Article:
5 Tips to Refresh Your Gift Giving Habits
- JUNE 14, 2012
- By Selena Kohng
You’ve been doling out presents ever since that first popsicle stick picture frame you made in preschool. Even experts, though, could use a bit of fresh advice. Here are a few quick tips to get you started on the right foot:
Start Early. Sure, that birthday/housewarming/holiday is weeks away, but nothing good ever comes from waiting til the last minute. Ever. Give yourself time to browse selections, factor in shipping time, hunt for coupons if necessary, or put some good old-fashioned thought into it. Don’t catch yourself rushing to the drugstore at the eleventh hour and digging desperately through generic last-minute knick knacks. (Contrary to what Grandma says, that Glade plug-in you got her last year isn’t what she always wanted.)
Keep a gift closet. If you come across something you know several people on your list would like, go ahead and buy multiples. When popular gift items go on sale, stock up. This works especially well if you have kids who attend a lot of birthday parties or have teachers, babysitters, or fellow car pool moms whom you’d like to thank. This way, you’ll always have something on hand for those last-minute moments (which, let’s face it, happens all the time.)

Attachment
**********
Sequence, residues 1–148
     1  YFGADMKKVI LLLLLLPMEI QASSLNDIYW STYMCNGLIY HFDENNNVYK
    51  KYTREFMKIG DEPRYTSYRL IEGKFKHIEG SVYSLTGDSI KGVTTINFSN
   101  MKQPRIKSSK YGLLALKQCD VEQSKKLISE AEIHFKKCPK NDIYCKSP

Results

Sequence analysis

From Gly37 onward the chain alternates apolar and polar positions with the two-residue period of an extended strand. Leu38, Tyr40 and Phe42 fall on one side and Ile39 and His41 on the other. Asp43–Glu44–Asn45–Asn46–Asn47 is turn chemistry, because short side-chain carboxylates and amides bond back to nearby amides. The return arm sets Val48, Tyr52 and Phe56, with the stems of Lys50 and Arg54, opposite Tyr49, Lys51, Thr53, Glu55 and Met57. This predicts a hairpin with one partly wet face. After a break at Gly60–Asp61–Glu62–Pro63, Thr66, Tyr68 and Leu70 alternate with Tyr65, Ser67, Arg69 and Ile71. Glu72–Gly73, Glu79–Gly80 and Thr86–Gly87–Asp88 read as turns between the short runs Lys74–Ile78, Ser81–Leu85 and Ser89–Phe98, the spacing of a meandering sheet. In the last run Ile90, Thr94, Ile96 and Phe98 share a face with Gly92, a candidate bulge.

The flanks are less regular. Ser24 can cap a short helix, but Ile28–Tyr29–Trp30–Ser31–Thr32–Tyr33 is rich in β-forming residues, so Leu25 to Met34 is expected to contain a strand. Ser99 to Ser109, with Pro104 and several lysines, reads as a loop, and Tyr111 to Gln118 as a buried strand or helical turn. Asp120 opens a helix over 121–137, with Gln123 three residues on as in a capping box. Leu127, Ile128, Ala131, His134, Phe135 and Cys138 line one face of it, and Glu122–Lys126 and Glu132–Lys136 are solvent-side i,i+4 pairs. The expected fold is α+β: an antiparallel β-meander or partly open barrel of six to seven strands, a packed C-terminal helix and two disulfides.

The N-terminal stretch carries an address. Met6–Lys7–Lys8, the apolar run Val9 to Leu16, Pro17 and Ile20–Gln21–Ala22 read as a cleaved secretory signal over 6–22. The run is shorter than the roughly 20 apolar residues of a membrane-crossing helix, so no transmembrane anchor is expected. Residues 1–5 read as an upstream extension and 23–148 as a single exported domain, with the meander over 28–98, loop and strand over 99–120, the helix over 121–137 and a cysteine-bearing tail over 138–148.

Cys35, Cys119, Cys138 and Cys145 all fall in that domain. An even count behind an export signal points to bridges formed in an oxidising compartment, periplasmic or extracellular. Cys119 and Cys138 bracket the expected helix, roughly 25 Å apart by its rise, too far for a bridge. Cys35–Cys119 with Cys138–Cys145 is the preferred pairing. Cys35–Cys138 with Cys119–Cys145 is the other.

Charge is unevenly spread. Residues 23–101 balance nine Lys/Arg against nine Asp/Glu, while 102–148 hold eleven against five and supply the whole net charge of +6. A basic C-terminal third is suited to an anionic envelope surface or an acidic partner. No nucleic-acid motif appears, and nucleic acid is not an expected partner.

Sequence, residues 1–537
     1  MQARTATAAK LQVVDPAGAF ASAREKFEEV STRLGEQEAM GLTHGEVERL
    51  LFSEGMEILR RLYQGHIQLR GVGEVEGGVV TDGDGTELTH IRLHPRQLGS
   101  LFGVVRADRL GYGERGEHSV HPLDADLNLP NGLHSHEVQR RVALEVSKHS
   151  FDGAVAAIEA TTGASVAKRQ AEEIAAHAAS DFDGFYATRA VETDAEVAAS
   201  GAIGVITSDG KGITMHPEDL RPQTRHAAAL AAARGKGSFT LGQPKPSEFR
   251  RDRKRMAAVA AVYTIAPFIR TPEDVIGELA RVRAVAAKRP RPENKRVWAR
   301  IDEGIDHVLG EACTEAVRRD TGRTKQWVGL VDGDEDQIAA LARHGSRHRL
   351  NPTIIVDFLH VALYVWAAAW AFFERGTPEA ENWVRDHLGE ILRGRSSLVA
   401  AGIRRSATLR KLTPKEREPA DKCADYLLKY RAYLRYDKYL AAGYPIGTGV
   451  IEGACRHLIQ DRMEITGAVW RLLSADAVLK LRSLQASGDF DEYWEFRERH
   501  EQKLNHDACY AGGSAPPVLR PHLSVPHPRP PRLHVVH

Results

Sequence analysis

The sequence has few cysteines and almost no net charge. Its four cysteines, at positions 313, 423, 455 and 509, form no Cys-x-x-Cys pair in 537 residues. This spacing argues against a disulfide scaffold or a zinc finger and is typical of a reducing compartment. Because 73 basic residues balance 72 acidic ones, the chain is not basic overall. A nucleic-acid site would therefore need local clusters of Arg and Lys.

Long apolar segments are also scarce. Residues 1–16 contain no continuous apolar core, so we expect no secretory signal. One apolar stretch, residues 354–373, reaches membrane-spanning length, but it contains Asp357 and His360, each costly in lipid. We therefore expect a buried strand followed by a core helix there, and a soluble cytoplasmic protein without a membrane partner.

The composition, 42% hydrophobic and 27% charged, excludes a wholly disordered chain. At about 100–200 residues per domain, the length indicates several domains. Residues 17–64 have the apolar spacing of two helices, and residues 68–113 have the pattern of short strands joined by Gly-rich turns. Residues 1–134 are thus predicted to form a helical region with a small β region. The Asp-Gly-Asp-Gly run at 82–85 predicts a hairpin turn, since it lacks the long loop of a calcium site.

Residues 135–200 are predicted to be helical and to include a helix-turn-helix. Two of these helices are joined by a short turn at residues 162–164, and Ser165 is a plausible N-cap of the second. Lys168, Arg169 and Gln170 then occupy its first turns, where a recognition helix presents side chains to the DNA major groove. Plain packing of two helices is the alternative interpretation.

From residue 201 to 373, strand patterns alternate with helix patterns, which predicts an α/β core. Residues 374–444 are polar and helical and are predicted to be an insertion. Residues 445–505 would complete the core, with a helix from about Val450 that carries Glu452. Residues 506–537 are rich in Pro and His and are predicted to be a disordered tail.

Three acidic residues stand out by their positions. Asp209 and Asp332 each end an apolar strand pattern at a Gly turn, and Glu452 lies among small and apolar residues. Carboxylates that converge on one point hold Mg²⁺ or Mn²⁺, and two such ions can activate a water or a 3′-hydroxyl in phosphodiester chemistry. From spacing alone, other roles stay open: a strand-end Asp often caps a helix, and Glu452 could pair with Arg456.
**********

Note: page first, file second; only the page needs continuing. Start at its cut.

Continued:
Keep an open mind. You’d be surprised at how many modern, tasteful baby blankets blend seamlessly into a living room as a throw blanket. Or at how a lacquered tray meant as a bathroom countertop accessory works in the dining room. Think outside the (gift) box and beyond the ways an item is marketed.
Tag team when possible. Chip in with a friend or coworkers to boost your gift-giving power. Chances are that newlyweds would prefer that new barbecue grill they’ve been eying instead of a dozen towels.
Give from the heart. It might seem to go without saying, but it needs to be said. Giving is an act of generosity, a way to express love, gratitude, friendship, or kindness. Don’t let it devolve into a commercial endeavor or a transaction. Why and how you give is more important than the what, and are gifts in and of themselves.